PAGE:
Spanish novelist Miguel de Cervantes (1547-1616) is credited with saying that ‘a proverb is a short sentence based on long experience’. Proverbs are often centuries old, providing us with global wisdom’s that have remained relevant throughout time.
“The frog in the well knows nothing of the sea.”
This Japanese proverb is said to have come from a Chinese fable which is attributed to philosopher Zhuang Zhou, who lived around the 4th century BC. The fable appears in The Zhuangzi, an ancient Chinese text which is regarded as a foundational text of Taoism. The fable, which was untitled, told a story of a frog who had always lived in his well. He believed his well to be all that existed. He was then visited by a sea turtle who told him of the great ocean. Upon hearing this, the frog realized he had a very limited view of the world. There are a few variations of this proverb, one of which is ‘the frog in the well cannot talk of Heaven’.
Like the frog in his well, we can often believe that what we know, is all that there is to know.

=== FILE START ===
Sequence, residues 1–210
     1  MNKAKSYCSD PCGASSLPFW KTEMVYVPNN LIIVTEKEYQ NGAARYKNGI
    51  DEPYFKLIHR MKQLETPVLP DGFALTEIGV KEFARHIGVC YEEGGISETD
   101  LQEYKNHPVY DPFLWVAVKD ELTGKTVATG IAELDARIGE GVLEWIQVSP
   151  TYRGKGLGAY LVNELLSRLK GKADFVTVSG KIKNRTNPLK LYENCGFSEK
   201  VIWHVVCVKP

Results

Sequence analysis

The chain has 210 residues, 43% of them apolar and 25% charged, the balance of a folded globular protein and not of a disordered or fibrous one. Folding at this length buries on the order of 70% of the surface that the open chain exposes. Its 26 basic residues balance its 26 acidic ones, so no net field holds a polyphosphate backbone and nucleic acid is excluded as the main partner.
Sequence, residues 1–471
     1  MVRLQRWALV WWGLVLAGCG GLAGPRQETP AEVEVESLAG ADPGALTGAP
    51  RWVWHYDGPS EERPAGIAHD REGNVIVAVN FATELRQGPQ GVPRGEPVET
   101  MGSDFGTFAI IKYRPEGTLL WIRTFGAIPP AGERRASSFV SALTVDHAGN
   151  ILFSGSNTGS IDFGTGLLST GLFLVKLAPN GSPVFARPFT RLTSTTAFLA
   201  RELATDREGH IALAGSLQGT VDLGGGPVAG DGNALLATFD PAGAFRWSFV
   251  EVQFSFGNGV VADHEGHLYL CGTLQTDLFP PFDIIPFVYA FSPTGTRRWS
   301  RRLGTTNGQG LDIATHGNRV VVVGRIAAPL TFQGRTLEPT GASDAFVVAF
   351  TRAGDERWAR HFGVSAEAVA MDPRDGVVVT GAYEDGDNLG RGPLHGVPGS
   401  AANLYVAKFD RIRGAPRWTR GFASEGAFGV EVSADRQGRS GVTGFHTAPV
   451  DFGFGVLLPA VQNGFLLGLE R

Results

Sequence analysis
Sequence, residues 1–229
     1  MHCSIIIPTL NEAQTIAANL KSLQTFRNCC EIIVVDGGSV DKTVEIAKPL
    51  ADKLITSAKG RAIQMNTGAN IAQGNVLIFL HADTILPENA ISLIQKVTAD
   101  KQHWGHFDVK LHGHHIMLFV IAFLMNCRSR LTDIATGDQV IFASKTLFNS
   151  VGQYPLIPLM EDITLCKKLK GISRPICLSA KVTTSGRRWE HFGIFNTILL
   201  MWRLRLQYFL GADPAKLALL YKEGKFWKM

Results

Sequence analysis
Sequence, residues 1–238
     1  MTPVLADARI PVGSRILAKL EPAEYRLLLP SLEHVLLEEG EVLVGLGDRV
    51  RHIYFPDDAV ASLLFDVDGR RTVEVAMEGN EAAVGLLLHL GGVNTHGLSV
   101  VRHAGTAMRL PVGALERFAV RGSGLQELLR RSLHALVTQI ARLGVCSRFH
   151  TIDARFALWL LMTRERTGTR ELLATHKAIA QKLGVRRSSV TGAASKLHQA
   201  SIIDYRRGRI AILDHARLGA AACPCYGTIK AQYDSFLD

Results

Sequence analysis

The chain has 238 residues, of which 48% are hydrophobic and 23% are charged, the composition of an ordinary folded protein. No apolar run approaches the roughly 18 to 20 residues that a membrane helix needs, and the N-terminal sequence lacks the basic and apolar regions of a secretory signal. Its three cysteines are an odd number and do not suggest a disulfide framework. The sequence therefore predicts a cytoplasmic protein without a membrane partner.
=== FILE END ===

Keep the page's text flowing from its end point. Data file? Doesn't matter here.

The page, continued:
Of course it’s a ridiculous thought, but this is exactly why we often approach situations and conversations with such dogged determination. This proverb warns us to be modest about the extent of our experiences. What we have not lived, we cannot fully understand. It would be easy to acknowledge this in another person, how narrow and restricted their view is. It is however, more difficult to admit our own limitations. We would have to reveal that we don’t know it all. That there may be a whole world outside the boarders of our understanding. We would have no choice but to be humble in our dealings. The benefit in doing so however is that we are open to constant expansion. After all, the frog in the well who now knows of the ocean, is a different frog indeed!